New Perspectives from Legal and Political Theory
Edited By Antonia Geisler, Michael Hein and Siri Hummel
Constitutional Courts and Their Power of Interpretation
Judicial power is a complex phenomenon. It is not the same as formal competence. Instead, judicial power only becomes apparent in decisions by supreme courts regarding the meaning of the constitution. In this sense, judicial power is defined more precisely as the power of interpretation. When analysing it, we must distinguish between three interdependent levels: the level of the interpreted constitution, the level of the interpreting court and the level of the interpretation. This is the only way to explain why the power of interpretation is not necessarily absolute and how each level is characterised by special preconditions and limitations.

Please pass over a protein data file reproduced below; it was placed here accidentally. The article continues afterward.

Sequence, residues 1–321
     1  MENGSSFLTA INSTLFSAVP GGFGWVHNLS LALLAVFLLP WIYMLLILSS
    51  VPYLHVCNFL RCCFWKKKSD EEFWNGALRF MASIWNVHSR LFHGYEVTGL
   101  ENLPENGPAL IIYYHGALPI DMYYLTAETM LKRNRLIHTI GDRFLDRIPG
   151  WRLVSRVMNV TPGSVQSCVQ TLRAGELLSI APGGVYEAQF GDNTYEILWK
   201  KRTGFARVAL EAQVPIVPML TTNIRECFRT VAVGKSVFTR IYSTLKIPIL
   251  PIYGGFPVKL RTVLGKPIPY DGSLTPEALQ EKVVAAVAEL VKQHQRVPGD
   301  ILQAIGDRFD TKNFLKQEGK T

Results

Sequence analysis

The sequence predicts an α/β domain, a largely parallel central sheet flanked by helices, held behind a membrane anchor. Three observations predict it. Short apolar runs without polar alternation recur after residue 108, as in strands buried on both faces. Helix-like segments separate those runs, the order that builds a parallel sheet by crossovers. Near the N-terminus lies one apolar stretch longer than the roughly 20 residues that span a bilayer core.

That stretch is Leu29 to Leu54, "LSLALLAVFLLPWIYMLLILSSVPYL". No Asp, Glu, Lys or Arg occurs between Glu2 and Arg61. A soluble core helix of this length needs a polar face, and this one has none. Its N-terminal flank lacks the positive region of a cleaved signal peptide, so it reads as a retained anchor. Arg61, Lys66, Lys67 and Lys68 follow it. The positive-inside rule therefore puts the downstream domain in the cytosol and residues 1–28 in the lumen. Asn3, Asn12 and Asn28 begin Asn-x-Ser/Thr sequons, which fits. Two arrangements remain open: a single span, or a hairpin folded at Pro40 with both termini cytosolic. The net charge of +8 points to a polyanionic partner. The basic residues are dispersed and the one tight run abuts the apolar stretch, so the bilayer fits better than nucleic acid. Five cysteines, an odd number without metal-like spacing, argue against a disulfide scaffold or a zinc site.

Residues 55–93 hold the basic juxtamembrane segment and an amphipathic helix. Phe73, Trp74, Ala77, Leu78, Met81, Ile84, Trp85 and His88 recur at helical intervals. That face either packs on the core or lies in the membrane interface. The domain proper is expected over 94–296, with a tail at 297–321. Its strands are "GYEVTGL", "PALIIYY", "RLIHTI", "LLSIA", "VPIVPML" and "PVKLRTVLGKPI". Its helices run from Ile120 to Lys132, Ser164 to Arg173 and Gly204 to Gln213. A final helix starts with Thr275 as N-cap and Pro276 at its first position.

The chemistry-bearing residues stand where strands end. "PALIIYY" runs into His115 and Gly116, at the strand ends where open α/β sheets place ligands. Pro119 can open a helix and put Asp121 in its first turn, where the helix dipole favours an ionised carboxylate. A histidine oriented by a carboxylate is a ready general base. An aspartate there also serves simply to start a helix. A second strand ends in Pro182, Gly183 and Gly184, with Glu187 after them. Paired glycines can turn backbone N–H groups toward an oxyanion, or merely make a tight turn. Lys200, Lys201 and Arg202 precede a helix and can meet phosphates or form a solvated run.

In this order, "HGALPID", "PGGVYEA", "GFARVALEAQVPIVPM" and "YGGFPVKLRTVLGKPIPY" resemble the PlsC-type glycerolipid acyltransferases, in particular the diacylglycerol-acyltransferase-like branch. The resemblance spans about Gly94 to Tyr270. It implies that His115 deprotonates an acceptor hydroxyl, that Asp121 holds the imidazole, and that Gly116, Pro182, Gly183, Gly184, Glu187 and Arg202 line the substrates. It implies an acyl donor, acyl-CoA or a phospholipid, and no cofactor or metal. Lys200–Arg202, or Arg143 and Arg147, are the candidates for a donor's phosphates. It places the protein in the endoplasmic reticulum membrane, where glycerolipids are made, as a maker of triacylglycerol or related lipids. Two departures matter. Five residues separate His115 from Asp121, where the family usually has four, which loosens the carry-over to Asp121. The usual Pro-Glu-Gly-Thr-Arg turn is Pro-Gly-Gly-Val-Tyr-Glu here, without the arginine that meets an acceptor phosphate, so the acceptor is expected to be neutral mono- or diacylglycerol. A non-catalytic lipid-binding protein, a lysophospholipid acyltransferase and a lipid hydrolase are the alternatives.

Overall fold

Judicial Power constitutes a central challenge for constitutionalism (Geiger 1995, c. 1007). The judiciary practices its powers through a constitutional court as soon as its decisions bind the actions of other political institutions or actors. Still, it is known that constitutional courts themselves cannot forcefully obtain obedience. Worldwide, the decisions of constitutional courts are nonetheless adhered to in most cases. But why do governments and legislators adhere to them? And why do constitutional courts expect that political institutions will do it? The question is what motivates governments and legislators on the one hand and what motivates constitutional courts on the other hand? The answer is: power.
Political institutions follow the constitutional rulings when they have recognised the power of the judiciary. And constitutional courts demand obedience from political institutions when they can expect the recognition of their power. Power...
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